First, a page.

As we amble through a tasting of Paolo’s riservas our conversation turns to Italian literature and my notes fall apart. The wines in this line function perfectly, they are world-class and flawless. They also push your mind toward life’s other innately great creative things. So we talk of Zeno’s Conscience, Il Gattopardo… the dining room is wonderfully classical yet relaxed. There’s something about a wall of bookcases full of clearly well-loved volumes that sets the stage for real conversation.  The Petrilli family are charming. Paolo’s mother is lively and opinionated, still the matriarch, sharp and perceptive. His wife shares Paolo’s generosity and patience (with tardy Americans!) and effortlessly rolls out a simple but nuanced Puglian feast. Paolo’s daughter is an island of calm and intelligence throughout our raucous lunch and wine tasting, a great guide for my reeling mind as I clearly lost my bearings among the multiple crosscurrents of conversation intersecting the table. Paolo’s son is irrepressible, full of life and energy and good humor. Tall, strong, maybe the backbone of a bright future at the estate?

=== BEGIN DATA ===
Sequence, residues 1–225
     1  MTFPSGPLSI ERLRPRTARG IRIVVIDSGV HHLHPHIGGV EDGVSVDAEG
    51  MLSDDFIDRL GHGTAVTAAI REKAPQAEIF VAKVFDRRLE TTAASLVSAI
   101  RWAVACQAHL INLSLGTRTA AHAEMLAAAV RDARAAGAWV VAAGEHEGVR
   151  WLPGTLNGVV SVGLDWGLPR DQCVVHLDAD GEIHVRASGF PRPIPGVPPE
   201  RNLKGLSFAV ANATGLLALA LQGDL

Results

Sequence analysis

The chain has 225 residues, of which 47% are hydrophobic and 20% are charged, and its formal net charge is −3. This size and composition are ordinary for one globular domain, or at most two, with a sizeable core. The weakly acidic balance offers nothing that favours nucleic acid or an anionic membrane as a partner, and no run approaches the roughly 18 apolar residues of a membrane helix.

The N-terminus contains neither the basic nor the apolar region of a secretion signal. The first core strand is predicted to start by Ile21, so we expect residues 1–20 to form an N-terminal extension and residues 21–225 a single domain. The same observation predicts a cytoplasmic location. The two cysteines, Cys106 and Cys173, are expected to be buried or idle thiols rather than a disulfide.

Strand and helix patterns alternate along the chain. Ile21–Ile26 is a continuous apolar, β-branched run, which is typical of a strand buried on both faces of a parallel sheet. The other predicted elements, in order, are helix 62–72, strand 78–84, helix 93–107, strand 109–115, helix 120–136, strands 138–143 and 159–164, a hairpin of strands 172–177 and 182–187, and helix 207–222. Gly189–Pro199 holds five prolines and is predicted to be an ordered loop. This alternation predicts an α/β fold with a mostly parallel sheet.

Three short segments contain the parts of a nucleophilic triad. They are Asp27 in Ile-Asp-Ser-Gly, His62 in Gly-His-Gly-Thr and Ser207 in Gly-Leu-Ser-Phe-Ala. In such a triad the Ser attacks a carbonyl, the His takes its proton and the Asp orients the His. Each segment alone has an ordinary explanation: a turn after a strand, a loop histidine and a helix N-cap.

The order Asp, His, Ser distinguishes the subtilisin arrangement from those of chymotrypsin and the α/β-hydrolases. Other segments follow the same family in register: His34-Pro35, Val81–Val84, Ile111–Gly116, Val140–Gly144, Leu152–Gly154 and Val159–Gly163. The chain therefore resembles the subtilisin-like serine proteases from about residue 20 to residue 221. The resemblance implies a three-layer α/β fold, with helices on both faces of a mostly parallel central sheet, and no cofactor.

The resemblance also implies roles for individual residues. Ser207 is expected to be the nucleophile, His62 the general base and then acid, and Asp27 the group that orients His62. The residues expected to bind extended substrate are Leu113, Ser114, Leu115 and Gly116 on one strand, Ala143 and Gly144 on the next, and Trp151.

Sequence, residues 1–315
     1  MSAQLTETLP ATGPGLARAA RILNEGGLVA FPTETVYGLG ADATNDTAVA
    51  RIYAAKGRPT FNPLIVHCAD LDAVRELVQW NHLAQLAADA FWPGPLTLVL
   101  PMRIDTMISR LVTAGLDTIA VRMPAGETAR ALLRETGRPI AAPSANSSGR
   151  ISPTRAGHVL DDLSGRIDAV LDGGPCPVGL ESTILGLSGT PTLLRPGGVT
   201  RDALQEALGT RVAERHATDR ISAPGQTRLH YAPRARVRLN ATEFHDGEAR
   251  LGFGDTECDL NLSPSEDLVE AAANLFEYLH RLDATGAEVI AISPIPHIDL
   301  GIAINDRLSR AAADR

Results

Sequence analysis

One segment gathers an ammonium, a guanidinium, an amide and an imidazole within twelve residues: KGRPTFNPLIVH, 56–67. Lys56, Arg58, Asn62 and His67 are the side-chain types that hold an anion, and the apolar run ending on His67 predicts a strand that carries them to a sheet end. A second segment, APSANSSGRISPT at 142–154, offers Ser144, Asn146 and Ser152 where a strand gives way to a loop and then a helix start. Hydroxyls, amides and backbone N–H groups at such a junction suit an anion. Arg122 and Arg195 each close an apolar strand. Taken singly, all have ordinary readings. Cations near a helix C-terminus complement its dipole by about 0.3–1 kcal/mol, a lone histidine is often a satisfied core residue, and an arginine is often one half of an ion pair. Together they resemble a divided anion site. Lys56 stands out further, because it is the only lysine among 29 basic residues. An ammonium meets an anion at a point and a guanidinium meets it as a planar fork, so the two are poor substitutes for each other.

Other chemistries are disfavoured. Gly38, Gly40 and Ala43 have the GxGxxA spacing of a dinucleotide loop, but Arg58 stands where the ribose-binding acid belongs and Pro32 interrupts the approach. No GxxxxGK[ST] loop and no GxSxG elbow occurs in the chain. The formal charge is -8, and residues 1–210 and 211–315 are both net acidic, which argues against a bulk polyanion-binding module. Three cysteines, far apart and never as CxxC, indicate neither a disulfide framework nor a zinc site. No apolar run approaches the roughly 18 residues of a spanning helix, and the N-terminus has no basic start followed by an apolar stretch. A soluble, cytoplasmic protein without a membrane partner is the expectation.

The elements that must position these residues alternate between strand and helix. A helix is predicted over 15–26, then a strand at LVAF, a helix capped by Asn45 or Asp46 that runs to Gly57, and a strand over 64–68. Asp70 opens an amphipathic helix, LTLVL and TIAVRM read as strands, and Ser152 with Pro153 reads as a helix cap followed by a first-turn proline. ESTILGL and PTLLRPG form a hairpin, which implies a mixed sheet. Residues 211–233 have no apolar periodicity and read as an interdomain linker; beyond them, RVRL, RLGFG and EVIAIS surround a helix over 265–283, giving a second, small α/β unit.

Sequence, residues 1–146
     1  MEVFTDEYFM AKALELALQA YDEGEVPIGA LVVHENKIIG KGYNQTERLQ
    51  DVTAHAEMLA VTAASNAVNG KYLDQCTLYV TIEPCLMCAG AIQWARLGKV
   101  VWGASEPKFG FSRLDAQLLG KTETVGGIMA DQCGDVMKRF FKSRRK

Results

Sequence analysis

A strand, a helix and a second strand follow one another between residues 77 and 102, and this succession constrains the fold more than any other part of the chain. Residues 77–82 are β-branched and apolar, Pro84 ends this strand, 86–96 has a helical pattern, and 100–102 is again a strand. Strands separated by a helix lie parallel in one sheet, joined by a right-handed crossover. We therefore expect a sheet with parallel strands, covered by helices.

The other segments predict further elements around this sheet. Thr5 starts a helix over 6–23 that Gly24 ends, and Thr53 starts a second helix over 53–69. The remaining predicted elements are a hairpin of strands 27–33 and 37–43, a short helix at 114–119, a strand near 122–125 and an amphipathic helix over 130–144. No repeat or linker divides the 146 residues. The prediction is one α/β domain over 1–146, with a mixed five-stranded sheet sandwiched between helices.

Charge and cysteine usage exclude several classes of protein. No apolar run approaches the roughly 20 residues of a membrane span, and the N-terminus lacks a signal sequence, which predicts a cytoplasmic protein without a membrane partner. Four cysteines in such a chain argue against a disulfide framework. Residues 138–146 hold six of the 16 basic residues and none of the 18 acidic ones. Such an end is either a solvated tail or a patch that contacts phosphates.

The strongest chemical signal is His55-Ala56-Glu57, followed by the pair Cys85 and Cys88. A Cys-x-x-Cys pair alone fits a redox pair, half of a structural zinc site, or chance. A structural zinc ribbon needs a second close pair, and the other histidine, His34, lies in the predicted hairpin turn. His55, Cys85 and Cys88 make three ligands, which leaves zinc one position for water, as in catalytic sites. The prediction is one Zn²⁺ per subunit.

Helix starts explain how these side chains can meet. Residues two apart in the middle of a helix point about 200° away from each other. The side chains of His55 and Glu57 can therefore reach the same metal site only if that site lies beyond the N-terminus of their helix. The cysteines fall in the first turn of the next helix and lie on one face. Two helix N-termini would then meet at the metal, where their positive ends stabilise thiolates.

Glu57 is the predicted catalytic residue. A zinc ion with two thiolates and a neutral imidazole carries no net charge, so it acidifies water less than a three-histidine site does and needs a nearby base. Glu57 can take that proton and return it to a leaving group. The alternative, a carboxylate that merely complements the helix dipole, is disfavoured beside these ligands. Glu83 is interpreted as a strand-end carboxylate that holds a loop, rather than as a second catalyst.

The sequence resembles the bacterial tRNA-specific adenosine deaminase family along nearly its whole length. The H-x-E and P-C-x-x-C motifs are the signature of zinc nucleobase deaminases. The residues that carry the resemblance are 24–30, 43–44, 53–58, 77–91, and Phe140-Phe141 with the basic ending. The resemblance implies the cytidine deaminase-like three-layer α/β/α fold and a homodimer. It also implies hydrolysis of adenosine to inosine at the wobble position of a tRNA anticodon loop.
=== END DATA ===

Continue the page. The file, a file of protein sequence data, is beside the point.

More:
I loved the wines, and loved my brief visit. If only this standard of quality was the regional norm, instead of a benchmark. But all communities need leaders, visionaries, and Signore Petrilli has all of the gifts and elements of character to be a transformative figure for Foggia.

Well, that was exhausting. I left La Motticella in a super mood, heady, happy, certain we’ve found our man.

Paolo Petrilli visit September 2018. Tomatoes!

There is a barn on the side of the driveway leading to Paolo Petrilli’s house. Inside a dozen Puglian women and half a dozen men, dressed in red shirts, white pants and white aprons, white Wellington boots, gloves, hairnets and hats, are preparing jars of tomatoes. The building is the size of a small winery, and in fact shares similar equipment to a cellar (stainless steel tanks, for example.) It is adjacent to the buildings where Petrilli makes wine from Nero di Troia, Aglianico, Sangiovese, and Montepulciano. There are crates of fresh basil, colanders filled with peeled tiny Corbara tomatoes (like a cherry.) Tomatoes still wearing dirt from the Petrilli’s fields are delivered by a tractor one trailer-load at a time and brought inside, smaller ones collected in the cassette scrupulous Italian farmers use to pick grapes in 20kg increments, larger tennis ball-sized tomatoes delivered in pallet-sized plastic baskets. They are washed in colanders and soaked in blue plastic tubs that look like laundry baskets. Brilliant orange-red at this stage, they look otherworldly and delicious, a perfect encapsulation of southern abundance and fertility.